The nib is a stainless steel two-tone nib and is probably most definitely a Sailor nib, in shape, feedback and feed design. However, it is branded ‘Taccia’, which I’m glad about because if it was branded Sailor I would really struggle with this. The nibs come in five offerings: extra fine, fine, medium, broad and a music nib which is quite interesting to see.
But this nib has something else going for it, and I’m not entirely sure if this is intentional or not. It actually looks like a Sailor ‘zoom’ nib – and writes like one too. At a higher angle, you’ll get a finer line and if you hold the pen at a lower angle, you’ll get a wider one. Furthermore, reverse writing is very pleasant and this is another thing characteristic of the Sailor zoom nibs.
The tipping does look similar to the zoom nib as well, which would explain it. Though the Taccia (left) nib isn’t as tipped, which means it’s not as broad as the zoom. Also note the similarity in feed and nib shape of the two pens.
Being similar to the zoom nib, you have a very good writing experience when it comes to reverse writing as well which can be very very useful.
The pen flows well and is wet. It’s a good performing nib. The only drawback is that this ins’t a gold nib, which you might expect from a pen in this price range – once again going back to the Platinum #3776 which is both cheaper and does offer a gold nib. I use the term drawback loosely, however. This is because gold ≠ better. You can have exceptional steel nibs and awful gold nibs. This is a good nib, and the feedback is pleasant – I’m someone who prefers a degree of this. The writing sample is done with Diamine Earl Grey, which you can read my review of here. More writing samples can be found below.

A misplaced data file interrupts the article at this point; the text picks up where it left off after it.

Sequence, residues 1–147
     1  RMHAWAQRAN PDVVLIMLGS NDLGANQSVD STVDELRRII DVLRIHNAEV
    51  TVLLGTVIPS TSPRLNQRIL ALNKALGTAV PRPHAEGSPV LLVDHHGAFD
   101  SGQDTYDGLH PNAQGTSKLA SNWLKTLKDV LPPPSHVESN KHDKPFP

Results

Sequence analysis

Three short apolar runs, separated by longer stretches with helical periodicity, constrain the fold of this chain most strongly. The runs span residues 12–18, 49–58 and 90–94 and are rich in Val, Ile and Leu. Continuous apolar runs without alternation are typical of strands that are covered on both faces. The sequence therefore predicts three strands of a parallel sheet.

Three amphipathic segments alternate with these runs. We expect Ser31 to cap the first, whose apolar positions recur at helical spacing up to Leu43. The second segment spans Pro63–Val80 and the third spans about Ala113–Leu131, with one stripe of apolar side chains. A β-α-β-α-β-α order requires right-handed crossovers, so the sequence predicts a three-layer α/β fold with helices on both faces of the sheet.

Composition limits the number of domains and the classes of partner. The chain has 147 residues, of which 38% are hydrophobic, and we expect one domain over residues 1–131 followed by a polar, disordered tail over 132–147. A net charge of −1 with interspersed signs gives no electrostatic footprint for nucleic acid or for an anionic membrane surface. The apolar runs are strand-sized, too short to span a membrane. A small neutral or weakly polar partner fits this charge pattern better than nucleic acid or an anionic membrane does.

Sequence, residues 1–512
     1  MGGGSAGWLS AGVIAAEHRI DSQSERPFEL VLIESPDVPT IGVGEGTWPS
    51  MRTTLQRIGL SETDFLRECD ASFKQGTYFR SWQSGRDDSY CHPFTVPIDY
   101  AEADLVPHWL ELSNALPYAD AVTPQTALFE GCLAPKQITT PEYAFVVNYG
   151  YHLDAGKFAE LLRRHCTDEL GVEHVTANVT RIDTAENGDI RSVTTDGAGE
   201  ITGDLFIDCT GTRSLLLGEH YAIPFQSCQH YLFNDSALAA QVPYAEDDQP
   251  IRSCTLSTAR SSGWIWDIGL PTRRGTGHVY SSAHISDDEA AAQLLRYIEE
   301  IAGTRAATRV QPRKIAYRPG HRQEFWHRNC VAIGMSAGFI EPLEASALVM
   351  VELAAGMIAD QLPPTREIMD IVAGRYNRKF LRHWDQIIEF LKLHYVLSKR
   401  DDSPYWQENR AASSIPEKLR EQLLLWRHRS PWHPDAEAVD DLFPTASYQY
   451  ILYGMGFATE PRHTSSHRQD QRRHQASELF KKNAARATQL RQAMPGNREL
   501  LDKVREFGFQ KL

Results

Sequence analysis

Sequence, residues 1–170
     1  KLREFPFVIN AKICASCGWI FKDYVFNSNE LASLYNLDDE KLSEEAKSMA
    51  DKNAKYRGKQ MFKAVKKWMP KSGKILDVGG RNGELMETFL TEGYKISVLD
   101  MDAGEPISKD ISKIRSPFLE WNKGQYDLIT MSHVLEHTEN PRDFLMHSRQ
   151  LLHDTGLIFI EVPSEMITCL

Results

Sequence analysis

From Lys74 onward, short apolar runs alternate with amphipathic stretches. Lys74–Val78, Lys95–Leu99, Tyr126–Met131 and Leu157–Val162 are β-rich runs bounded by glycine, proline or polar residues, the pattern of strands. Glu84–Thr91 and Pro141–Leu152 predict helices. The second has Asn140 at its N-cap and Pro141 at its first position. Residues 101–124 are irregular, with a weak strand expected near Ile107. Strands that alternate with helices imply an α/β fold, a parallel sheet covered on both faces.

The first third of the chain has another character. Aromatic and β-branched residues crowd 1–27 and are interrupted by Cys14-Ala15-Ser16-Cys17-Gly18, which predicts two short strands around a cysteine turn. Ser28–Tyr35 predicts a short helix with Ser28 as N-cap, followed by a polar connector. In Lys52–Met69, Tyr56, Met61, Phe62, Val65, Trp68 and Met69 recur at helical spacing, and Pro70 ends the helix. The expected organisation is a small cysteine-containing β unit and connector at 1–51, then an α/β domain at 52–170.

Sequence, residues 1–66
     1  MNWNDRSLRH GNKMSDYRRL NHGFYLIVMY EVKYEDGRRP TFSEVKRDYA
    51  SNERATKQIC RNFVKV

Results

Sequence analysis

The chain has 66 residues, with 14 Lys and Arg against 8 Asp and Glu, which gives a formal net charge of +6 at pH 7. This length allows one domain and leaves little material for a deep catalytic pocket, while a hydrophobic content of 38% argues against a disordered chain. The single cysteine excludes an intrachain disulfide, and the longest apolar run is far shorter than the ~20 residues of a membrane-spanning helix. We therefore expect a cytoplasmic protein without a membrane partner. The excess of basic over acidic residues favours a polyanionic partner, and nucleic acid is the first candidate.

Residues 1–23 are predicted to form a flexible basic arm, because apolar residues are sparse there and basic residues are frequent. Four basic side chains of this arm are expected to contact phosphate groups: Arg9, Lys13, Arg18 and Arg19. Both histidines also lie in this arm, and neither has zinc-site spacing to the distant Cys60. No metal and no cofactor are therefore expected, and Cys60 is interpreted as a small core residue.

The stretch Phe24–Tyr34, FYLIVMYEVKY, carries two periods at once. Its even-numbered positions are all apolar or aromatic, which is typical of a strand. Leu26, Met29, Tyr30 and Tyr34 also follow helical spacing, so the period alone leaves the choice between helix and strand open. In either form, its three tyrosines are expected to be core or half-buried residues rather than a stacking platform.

The feed works well too. You have a good ink flow when it comes to fast writing and it’s also quite wet.
The Taccia Spectrum fills using a cartridge/converter. Interestingly enough, this pen uses Sailor converters – which are proprietary. I’ve never had any problems with a Sailor converter, but I have heard that they’re.. Hmm. Not the most reliable. One criticism I will give is that the ink capacity of these converters is just laughable.
While lightweight, I think this pen is nicely weighted – you can definitely feel it in your hand. As characteristic with Sailor pens also, this isn’t the largest. I can still use it un-posted however. But if you do want to use it posted then that’s also possible. Here are a few size comparisons:
Price & Would I Buy It?
This pen comes in at $127 (£90.55) at time of writing, and not available within the UK, or so I believe. Prices will soon begin to add up which makes this a no-go pen for me unless it was offered below the #3776 price and within the UK – especially as $127 is the sale price and not retail. Once again, the link is here if you wish to check it out from a retailer.
Disclaimer: This pen was sent to be from Pen Chalet in exchange for an honest review. All views expressed are my own.